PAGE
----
<I>HFE</I>-associated hereditary haemochromatosis, Pulsus Group Inc
CANADIAN JOURNAL OF GASTROENTEROLOGY & HEPATOLOGY
The Canadian Association of Gastroenterology (CAG) Canadian Association for the Study of the Liver (CASL)

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Mini-Review February 2000, Volume 14 Issue 2: 121-125
 

HFE-associated hereditary haemochromatosis

EJ Eijkelkamp | TR Yapp | LW Powell

Hereditary hemochromatosis is a common inherited disorder of the iron metabolism. Screening studies indicate that it has a prevalence of one in 200 to 400, depending on the population studied, and a carrier rate of about one in seven to one in 10.
Feder et al identified the hereditary hemochromatosis gene (HFE) in 1996 and two candidate mutations; the C282Y mutation has been shown to be responsible for the majority of the hereditary hemochromatosis cases worldwide. The gene discovery has led to rapid advances in the field of iron metabolism. Although the basic defect is still not fully understood, much is known about the sequence of events leading to iron overload.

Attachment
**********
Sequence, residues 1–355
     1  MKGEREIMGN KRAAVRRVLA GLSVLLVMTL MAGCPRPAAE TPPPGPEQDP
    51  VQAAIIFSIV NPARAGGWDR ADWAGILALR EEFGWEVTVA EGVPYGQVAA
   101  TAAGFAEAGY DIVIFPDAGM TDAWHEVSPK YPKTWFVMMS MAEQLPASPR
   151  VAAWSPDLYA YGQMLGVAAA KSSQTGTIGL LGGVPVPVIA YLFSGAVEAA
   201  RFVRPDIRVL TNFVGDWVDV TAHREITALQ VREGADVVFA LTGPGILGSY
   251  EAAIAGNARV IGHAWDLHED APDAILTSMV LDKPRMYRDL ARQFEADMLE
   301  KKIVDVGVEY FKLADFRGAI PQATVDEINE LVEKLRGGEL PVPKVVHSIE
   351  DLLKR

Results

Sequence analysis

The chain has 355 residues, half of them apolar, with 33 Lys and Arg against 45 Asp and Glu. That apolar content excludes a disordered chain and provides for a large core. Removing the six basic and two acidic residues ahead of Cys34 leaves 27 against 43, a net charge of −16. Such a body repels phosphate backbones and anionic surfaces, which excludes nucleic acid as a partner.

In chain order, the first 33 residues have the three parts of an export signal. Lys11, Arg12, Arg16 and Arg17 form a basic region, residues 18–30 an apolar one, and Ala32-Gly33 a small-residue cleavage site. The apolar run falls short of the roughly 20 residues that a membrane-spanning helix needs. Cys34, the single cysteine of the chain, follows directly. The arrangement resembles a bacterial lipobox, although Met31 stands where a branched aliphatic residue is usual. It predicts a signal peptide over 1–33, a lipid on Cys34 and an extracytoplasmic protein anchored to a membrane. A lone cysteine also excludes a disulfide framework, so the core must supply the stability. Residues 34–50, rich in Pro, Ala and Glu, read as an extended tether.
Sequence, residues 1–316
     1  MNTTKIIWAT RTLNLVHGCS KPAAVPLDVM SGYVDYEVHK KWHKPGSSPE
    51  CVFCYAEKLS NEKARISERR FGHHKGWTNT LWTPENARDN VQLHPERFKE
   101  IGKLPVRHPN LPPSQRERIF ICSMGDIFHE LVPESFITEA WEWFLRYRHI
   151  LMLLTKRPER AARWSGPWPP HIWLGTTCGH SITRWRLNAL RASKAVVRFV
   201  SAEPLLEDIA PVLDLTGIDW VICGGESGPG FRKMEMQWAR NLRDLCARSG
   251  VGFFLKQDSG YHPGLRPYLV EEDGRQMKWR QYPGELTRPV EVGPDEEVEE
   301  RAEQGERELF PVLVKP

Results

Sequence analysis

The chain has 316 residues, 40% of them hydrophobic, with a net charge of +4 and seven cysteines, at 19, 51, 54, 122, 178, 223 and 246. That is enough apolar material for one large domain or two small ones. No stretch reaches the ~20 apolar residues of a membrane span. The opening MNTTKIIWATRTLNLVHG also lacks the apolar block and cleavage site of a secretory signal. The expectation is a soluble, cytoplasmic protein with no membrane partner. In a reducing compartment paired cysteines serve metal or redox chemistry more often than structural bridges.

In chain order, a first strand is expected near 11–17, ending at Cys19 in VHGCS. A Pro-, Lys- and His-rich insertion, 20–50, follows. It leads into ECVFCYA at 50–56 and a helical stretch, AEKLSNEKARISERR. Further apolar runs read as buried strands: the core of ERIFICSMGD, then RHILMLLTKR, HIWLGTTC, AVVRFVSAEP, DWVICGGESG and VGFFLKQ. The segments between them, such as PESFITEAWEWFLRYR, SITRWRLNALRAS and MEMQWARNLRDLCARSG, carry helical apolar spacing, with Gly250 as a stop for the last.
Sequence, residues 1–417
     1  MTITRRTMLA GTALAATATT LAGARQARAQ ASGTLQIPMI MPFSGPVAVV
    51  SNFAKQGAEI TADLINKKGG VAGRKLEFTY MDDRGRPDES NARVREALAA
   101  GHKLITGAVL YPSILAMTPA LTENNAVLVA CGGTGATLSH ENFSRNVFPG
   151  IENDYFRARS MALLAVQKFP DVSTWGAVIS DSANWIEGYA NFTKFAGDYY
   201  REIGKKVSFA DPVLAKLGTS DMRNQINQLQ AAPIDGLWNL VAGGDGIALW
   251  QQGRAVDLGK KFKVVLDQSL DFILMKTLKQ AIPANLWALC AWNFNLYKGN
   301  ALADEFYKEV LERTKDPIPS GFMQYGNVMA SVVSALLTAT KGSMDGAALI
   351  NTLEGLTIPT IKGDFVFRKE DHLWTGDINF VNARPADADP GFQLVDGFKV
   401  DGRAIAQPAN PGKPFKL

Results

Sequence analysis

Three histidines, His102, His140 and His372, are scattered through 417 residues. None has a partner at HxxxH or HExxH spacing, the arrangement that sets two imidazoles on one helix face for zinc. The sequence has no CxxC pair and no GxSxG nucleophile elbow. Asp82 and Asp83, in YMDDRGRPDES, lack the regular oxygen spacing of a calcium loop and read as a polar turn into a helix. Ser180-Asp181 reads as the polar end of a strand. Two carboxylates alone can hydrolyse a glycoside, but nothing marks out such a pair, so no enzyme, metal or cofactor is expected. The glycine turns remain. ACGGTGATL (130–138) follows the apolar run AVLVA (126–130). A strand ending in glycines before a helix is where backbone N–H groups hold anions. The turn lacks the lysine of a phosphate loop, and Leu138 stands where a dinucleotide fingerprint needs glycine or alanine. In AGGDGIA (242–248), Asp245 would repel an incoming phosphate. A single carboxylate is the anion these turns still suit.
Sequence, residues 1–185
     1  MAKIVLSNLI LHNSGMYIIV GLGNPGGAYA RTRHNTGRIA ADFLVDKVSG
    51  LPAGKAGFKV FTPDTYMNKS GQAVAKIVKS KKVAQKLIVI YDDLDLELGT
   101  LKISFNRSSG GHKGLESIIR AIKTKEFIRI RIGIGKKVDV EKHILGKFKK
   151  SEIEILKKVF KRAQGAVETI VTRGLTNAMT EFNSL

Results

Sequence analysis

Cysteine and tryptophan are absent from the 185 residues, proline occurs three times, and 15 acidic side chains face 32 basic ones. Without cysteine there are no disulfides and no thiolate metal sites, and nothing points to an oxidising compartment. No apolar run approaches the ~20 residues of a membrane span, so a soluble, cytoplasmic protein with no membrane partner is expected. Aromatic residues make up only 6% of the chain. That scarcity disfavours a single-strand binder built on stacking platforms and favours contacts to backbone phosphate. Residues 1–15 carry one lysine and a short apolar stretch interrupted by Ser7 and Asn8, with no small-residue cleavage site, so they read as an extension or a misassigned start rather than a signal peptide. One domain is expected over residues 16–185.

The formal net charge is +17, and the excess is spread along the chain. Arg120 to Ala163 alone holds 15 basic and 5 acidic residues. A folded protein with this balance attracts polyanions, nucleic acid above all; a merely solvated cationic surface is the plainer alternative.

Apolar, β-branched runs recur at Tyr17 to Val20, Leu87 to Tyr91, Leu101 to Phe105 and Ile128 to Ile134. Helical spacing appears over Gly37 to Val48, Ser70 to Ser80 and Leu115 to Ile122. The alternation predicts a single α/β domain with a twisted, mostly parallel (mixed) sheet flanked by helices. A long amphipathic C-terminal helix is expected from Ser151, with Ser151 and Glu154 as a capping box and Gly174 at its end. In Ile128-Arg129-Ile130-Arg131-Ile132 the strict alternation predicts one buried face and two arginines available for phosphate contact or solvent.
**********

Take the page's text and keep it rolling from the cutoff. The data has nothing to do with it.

Hereditary hemochromatosis is a major candidate for population screening and meets the screening criteria of the World Health Organization, and Wilson and Jungner. It is one of the most prevalent genetic diseases in white populations, and, importantly, early diagnosis and simple effective treatment allow normal life expectancy.
The discovery of the HFE gene and the frequency of the single C282Y mutation as a cause of most cases of hereditary hemochromatosis allow the possibility of widespread genetic testing. However, the logistics, and the psychological and social consequence of this, coupled with incomplete expression of the genotype, necessitate further studies before population screening can be justified.

Hereditary hemochromatosis | HFE | Iron metabolism
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